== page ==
RESET.org had the pleasure of interviewing Urban Leaves, a community empowerment group based in Mumbai which is very conscious of our relationship to food and the importance of sustainable food production practices. In order to improve our health, happiness and the sustainability of our habits they have begun an urban gardening movement.
You may have already read about their inspiring vision for urban food production and the positive outcomes it may have on communities, what their organization has thus far achieved, and the goals they have set for the future. The Urban Leaves team was also able to offer us insights on how we relate to the food we consume, why urban gardening is important and why GMOs are not the way:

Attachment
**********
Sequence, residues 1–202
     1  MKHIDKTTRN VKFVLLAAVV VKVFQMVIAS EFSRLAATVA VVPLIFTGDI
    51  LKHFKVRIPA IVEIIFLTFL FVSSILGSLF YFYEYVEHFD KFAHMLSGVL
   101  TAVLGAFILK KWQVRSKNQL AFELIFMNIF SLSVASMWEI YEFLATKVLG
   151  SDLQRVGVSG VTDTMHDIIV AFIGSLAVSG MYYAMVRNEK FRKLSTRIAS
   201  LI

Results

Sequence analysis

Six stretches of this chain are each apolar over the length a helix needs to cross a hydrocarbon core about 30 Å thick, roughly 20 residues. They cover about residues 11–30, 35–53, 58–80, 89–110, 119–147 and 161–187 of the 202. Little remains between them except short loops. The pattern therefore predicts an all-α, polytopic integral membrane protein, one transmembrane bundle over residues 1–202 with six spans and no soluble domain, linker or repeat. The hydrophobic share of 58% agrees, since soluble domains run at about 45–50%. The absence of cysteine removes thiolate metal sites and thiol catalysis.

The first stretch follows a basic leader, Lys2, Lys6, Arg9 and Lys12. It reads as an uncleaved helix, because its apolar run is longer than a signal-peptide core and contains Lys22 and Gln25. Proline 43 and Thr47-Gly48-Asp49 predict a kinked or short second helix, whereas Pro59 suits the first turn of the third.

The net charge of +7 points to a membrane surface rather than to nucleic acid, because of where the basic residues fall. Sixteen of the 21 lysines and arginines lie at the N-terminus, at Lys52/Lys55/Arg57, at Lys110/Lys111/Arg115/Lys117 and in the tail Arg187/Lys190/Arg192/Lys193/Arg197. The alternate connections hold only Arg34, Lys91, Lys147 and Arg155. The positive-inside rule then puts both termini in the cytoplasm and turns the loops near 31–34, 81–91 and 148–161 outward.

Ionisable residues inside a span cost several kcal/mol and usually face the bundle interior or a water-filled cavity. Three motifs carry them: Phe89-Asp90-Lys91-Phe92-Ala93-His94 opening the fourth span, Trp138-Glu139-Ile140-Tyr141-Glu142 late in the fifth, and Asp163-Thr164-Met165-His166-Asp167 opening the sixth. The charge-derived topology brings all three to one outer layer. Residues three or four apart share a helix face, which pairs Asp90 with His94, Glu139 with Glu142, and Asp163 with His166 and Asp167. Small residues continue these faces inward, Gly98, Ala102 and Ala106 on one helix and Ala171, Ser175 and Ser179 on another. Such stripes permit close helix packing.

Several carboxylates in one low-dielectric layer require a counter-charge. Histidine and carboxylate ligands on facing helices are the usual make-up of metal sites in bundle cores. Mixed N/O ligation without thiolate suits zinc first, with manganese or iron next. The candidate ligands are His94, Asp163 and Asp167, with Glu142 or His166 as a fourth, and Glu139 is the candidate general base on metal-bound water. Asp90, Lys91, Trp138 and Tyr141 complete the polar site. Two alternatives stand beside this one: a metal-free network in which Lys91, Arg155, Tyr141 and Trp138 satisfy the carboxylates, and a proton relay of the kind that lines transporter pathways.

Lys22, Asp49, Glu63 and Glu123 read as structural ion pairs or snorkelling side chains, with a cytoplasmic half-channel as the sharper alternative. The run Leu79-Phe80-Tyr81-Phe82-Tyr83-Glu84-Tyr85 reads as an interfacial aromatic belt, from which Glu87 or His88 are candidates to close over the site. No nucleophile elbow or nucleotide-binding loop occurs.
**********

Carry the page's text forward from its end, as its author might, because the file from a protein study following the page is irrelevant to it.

The United Nations Environment Programme’s (UNEP) World Environment Day is taking place on June 5th and the theme this year is Think.Eat.Save.. On their website UNEP states that the aim of choosing this theme was to encourage everyone to become more aware of the environmental impact of their food choices, and to empower people make more informed decisions about what they eat. How do you think urban gardening relates to Think.Eat.Save.?
If you ask a modern day city child “Where does our food come from?” the most probable answer that you will get is “The supermarket”. So called modernisation has spoilt us for choice: there are endless varieties of food items available off the shelf today than what was available 20-25 years back. We often forget that the genesis of what we eat has taken place in the soil on the farms. It is very common to forget the role of the grower and the food grown by him [or her].
Urban gardening makes us and our children aware of the origins of what we eat. Seeing the actual cycle of a seed to sapling, sapling to a tree, flowering of trees, flowers to fruits, fruits back to seed makes us aware of all that takes place to grow the food that we consume.